Courage Knows No Gender

Courage Knows No Gender

As a woman aspiring towards I career in politics, I have constantly been told that politics aren’t for women — especially women of color.

Because of this I expected D.C., the hub of politics, to be dominated by men and prepared myself for a deeply patriarchal city. But I was actually pleasantly surprised by the Capital’s efforts to commemorate the work of women in America and around the world.

Frida Kahlo portrait
Portrait of Frida Kahlo

National Museum of Women in the Arts

Although I had come prepared with a list of the museums I wanted to see while in D.C., I completely overlooked the National Museum of Women in the Arts. I had no idea it even existed and was surprised to find that it was located just down H Street (and was offering free entry that day!). Walking through the exhibits I saw photographs, watercolors, etchings, and sculptures — all created, compiled, and brought to life by women.

Unexpectedly seeing an original Frida Kahlo portrait was probably the highlight of the visit though. While studying Spanish a few years ago, I remember loving Kahlo’s works and marveling at her political significance. Her paintings not only portray her incredible talent as an artist but also reflect her struggle with identity.

Kahlo was an everywoman struggling to decide whether to remain within the confines of societal norms or break free — a Marxist and revolutionary, she has become a feminist icon. It was refreshing to see the museum put such an emphasis on the role of female artists in political life.

Navy recruitment poster

Women in Military Service for America Memorial

A little while later, I came across the Women in Military Service for America Memorial at the Arlington Cemetery. Though this museum had quite a different atmosphere it affected me in much the same way as the art museum. I was awe-struck by what an essential role women have played in so much of history, and political history at that. For most of my political science degree, I’ve learned about “powerful men” but there’s been little mention of powerful women.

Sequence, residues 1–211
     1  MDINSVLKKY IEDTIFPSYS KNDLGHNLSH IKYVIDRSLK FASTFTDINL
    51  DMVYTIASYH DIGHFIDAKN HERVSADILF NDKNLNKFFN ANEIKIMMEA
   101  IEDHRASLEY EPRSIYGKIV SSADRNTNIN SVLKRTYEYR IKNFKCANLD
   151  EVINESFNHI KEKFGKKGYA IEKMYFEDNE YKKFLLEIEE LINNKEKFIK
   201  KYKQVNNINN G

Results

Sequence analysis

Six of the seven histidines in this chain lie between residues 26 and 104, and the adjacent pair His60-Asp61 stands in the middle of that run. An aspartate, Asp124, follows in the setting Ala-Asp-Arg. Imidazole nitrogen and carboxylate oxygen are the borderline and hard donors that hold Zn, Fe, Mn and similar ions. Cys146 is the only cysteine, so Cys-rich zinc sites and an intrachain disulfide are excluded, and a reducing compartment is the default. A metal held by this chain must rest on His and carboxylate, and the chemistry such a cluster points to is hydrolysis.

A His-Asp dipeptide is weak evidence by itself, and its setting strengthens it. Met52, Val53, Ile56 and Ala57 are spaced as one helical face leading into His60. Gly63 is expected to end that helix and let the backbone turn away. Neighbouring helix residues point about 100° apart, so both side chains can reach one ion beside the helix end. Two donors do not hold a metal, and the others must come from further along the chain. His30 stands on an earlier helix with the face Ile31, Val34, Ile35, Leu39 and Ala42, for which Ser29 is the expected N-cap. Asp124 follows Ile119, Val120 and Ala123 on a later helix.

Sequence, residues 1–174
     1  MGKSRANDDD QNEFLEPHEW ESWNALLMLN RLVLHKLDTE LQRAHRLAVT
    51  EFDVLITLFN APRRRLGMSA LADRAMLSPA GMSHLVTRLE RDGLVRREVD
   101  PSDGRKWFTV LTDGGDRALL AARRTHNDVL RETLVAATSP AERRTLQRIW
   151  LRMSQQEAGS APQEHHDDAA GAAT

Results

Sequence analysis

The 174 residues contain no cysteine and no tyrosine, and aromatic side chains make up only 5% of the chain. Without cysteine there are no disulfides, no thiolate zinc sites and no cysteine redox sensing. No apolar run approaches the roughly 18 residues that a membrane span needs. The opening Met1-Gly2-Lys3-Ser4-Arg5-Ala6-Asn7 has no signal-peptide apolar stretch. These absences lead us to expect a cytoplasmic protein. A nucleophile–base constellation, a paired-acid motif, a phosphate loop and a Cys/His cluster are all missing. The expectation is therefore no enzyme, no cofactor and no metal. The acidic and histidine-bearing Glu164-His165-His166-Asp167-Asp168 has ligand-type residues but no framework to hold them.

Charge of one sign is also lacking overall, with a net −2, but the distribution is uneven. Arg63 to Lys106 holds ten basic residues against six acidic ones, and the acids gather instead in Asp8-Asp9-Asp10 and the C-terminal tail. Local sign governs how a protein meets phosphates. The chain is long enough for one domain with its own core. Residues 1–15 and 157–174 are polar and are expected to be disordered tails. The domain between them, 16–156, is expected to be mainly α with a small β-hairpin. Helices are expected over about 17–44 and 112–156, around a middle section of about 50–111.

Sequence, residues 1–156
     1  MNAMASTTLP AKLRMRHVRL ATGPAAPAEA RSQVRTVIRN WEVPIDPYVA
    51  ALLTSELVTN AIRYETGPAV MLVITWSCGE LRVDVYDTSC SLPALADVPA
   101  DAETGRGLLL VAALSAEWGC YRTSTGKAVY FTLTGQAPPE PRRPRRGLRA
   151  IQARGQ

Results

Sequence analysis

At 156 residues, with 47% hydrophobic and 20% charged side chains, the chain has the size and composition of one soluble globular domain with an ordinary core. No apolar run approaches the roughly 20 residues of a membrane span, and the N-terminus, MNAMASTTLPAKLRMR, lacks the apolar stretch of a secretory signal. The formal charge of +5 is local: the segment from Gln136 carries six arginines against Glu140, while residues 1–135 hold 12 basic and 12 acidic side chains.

The war memorial detailed womens’ role in war-time hospitals, piloting airplanes, serving in the frontlines, and so much more — things that are all too often left out of history classes. The exhibit did a great job of leaving a lasting impression on its visitors. It definitely pushed me to look at our patriarchal society through a more critical lens and re-evaluate the way I go about my own life as a feminist.

It’s tough to find anything like these museums where I’m from which is why I was so deeply affected by them. They work to remind us that politics are not just for men and that women of all colors can play a role in shaping the future of politics. In my opinion, every city ought to strive to establish areas that celebrate female brilliance and inspire young women.

Navneet Gidda

Navneet is a political science major at the University of Alberta in Canada. She participated in TWC’s Summer 2017 Academic Internship Program, where she interned at Americans for Democracy & Human Rights in Bahrain (ADHRB), a non-profit that fosters supports for democracy and human rights in Bahrain and the Middle East.

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